Prepare the way of the Lord. Nothing sums up Advent more than those words. As John the Baptist prepared the way for the coming of Christ, we too are called to prepare the way for Christ coming into our lives. But for John and for us, it is not as easy as we would think. Evidently, there are obstacles in the way – the high mountains and deep valleys, the winding roads and the rough ways.

Why is it hard for the Lord to come to us?  I have a theory. It is not God’s fault. Actually, not being God’s fault is a theological foundation for me. The whole history of God proves it. God created the world that we might be in relationship with the divine. God gave us beautiful things so that God might be known. And in an ultimate way, perfectly, God lived among us in the person of Jesus Christ. He was flesh among our flesh, sharing in the humanity he created. God is relentless in coming to us, in being with us.
So it must be we who create these barriers to God’s love and peace. It must be that we have built these mountains, dug these valleys, chosen these circuitous routes and made God’s way to us rough. Never consciously would we do this. We want God’s love and mercy on our lives. Yet we can’t help our circumstances dictate how we receive and perceive the love of God.
Sometimes the obstacles we construct are global and sometimes they are personal and intimate. Does your politics block your faith? The scandals in the church are deeply troubling; do they hinder your relationship with Christ? Or do personal circumstances siphon off God’s love in your life? A wound that does not heal, a broken relationship, always fear. All these have the capacity to cripple or at least disable our friendship with God.
I know what my obstacle is. Being a pastor. Not the stuff that I love like preaching the word, trying to be of service, sharing the life of this great parish family. No, it is the budget and the bills and the boilers, all those things I did not become a priest for. It is the business of the business. And I notice that my prayer focuses not on the peace God can give me but on my “problems.” I fail to account for and trust in the Providence of God for God is the great provider. I should seek God’s peace first then deal with everything else and I am sure all would be well.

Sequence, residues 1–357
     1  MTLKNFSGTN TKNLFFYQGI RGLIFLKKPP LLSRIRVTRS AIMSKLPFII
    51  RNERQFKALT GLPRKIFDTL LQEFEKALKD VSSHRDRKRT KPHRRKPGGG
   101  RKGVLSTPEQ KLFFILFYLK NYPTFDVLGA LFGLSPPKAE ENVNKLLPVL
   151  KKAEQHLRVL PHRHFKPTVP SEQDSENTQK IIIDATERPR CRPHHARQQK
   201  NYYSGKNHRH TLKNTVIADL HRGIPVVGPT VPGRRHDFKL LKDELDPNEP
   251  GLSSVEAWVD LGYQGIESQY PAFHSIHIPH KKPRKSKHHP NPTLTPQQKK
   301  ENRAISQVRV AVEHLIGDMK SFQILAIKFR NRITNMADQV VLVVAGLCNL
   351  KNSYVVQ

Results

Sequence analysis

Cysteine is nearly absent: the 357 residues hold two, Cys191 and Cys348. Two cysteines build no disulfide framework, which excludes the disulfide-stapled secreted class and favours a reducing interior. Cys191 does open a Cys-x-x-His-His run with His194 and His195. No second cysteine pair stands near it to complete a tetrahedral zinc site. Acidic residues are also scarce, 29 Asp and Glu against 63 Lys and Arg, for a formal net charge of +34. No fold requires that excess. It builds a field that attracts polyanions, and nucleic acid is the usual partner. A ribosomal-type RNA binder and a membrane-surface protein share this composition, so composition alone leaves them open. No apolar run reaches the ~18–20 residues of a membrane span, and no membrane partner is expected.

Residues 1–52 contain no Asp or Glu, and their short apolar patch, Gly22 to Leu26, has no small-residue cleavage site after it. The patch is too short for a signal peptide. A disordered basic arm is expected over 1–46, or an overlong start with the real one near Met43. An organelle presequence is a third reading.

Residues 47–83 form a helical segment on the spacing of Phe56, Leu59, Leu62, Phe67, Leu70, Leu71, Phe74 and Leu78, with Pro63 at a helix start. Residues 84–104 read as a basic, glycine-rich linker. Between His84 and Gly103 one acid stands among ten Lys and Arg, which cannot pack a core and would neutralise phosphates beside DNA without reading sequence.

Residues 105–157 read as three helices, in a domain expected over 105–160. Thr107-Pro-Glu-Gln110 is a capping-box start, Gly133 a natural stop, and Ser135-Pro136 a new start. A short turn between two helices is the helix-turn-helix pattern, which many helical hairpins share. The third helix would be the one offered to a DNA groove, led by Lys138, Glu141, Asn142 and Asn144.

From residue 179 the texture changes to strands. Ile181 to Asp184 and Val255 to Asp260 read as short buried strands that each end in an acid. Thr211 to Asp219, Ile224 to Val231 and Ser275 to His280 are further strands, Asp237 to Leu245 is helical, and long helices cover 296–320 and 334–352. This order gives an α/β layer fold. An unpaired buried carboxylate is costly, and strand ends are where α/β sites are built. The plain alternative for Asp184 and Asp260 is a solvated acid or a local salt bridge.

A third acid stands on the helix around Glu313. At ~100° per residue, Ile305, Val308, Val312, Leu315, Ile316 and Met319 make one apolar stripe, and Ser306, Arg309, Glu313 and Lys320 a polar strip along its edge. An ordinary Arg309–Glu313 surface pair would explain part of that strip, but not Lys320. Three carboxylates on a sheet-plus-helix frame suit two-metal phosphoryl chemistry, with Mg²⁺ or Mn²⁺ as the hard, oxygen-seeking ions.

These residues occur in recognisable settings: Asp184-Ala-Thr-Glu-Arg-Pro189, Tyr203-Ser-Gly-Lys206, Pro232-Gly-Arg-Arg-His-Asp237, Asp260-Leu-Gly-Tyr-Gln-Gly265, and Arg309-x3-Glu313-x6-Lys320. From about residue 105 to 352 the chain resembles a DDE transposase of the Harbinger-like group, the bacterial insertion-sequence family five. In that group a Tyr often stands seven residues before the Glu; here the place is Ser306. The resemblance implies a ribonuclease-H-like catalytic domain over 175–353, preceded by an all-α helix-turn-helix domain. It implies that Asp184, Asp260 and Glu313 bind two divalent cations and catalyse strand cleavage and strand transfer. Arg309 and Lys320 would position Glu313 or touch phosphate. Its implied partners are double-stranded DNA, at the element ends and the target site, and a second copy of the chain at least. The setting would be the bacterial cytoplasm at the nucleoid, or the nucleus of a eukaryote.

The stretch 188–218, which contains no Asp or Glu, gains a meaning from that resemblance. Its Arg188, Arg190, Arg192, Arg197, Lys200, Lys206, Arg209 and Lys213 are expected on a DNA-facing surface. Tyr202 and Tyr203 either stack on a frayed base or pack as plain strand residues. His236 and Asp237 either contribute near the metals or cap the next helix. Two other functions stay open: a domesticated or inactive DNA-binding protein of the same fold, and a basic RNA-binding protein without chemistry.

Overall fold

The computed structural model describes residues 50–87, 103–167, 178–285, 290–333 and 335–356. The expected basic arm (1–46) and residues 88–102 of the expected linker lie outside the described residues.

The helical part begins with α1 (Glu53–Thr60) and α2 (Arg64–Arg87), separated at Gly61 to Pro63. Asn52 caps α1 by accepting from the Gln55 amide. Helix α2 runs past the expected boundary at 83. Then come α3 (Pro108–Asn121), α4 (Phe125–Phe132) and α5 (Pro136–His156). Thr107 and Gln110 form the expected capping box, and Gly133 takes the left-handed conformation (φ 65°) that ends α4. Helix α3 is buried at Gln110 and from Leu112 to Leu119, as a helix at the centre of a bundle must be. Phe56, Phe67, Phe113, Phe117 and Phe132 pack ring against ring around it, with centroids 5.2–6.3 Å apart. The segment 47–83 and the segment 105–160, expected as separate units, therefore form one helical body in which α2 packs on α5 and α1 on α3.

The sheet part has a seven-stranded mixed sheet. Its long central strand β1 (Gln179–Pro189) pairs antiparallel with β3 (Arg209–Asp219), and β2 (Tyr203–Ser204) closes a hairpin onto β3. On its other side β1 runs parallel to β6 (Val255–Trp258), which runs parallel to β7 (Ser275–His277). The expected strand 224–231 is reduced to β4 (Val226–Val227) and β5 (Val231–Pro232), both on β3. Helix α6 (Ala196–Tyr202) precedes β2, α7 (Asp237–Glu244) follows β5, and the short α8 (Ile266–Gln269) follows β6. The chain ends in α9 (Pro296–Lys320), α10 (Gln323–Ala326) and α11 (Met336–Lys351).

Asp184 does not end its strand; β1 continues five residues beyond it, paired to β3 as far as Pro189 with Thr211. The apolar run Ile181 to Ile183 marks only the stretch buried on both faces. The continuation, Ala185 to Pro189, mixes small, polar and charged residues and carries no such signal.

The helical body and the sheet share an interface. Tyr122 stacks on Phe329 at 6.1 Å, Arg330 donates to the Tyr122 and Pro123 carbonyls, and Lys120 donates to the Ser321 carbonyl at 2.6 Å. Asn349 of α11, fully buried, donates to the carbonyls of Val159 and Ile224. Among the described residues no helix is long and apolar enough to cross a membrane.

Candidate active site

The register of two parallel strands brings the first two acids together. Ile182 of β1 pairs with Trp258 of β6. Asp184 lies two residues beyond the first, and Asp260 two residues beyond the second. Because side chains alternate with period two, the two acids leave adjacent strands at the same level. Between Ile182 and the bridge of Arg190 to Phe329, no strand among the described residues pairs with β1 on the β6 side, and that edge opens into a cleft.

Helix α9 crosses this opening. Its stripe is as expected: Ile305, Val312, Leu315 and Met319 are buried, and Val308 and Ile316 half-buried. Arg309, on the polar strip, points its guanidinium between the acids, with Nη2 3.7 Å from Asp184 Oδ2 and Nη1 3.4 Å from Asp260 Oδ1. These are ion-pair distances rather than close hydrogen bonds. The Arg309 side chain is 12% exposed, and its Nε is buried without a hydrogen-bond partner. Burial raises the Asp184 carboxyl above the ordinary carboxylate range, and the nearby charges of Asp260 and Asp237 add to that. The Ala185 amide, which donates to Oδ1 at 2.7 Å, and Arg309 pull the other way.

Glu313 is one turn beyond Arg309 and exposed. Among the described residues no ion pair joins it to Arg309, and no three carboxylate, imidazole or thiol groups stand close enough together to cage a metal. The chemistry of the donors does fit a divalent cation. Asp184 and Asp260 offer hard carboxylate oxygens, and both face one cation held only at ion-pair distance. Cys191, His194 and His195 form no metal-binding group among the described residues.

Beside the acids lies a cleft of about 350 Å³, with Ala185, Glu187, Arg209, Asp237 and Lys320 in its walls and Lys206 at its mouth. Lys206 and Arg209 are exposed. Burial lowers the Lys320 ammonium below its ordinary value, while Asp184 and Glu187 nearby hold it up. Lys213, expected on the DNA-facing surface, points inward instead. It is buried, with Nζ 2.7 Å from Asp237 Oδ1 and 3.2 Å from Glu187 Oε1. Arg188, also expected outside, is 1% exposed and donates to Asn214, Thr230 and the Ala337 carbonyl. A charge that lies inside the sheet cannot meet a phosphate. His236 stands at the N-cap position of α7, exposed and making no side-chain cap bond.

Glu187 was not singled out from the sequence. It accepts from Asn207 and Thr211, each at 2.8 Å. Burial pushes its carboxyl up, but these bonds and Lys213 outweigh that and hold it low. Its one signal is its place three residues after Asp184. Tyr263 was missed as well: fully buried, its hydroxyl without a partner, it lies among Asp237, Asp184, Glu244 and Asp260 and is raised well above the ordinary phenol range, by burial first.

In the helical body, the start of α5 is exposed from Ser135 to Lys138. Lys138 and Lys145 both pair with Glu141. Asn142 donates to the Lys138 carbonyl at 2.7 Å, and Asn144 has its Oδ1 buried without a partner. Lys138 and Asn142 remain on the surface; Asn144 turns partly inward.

But there is good news. Since these are mountains of our own making, we can be the agent of their unmaking. It does not mean that our problems or our situations will disappear, but we can place them in context. And I promise you there is nothing compares with the mercy and love of God. And there is no thing in your life that God’s mercy cannot help transform.
I invite you then before Christmas to choose one barrier in your life and promise that it will not hinder your relationship with God. Choose one element of your life that has blocked the way of the Lord and remove the obstacle. Fill in that valley, lower that hill, choose a straight path and smooth out the road and let nothing stop you from saying yes to the mercy and peace of God.
We are talking about real freedom. The freedom that allows God to come to you, stand by and let you know you are loved. It is what we yearn for and what we were built for. Our Lord wants to come to us as our healer and our hope. We merely have to let him. Prepare the way of the Lord.

1st Sunday of Advent C

Ominous signs will appear.  The sun and the moon and the stars will change.  Waves will rise and the seas will roar.  Nations will be in upheaval.  It will be so bad that the fright of all this actually kills people.  Then the Son of Man will come riding in a cloud into this turmoil.  But it is different for the Christian.  While everyone else is falling apart, the believer, unafraid, will stand erect and lift their heads.  Their redemption is now at hand.

Why is it different for the believer?  It is different because we have a relationship with the one who is to come.  He is our savior, our hope and our friend.  It is different because this is not what we fear, but what we pray for – “Thy kingdom come.”  We are not afraid because we possess something utterly unassailable – the peace of our Lord Jesus Christ.  It is pretty important data.  We say it five times each mass.  It frames our vision of how we see everything.  If we trust in the peace of the Lord we know we are blessed, chosen, loved and saved.  We know what everyone wants to know at any time but especially at the most daunting or trying of times, when the winds buffet and the darkness seems to envelop everything.

For many of us, this is an ominous time in our lives or for our nation.  It certainly is a dark time in our church.  We can flee or we can stand erect, lift our heads and demand justice, seek peace and be reconcilers of those who have been hurt.  We must begin to heal and repair from the only strength that endures – the peace of our Lord Jesus Christ.  It was a peace bought at a cost.  The cost of the incarnation we celebrate at Christmas, Christ’s life among us, his suffering, the cross and the resurrection. It is the unblinking proof that we are truly loved, truly transformed in his peace.

We all possess this peace.  It was conferred upon us at baptism when we were claimed by the love of Christ.  But we must believe in it and live by it as well.  We must see ourselves as the desired of God.  We must believe in the Gospel and live by its commands.  We must love one another as Christ has loved us.  It is the most pure gift of Christ.  It is the gift the world waits for us to share.

I lied before.  We do not share peace five times each mass.  We share it five time plus all those within a four foot circumference (providing we do not cross aisles.  Catholics don’t do that.  That would be chaos!) with whom we share a sign of the Lord’s peace. Think about when this occurs – right before we receive the Eucharist.  We share Jesus before we receive him, we act as the body of Christ before we consume it.  This is communion among ourselves before communion with God.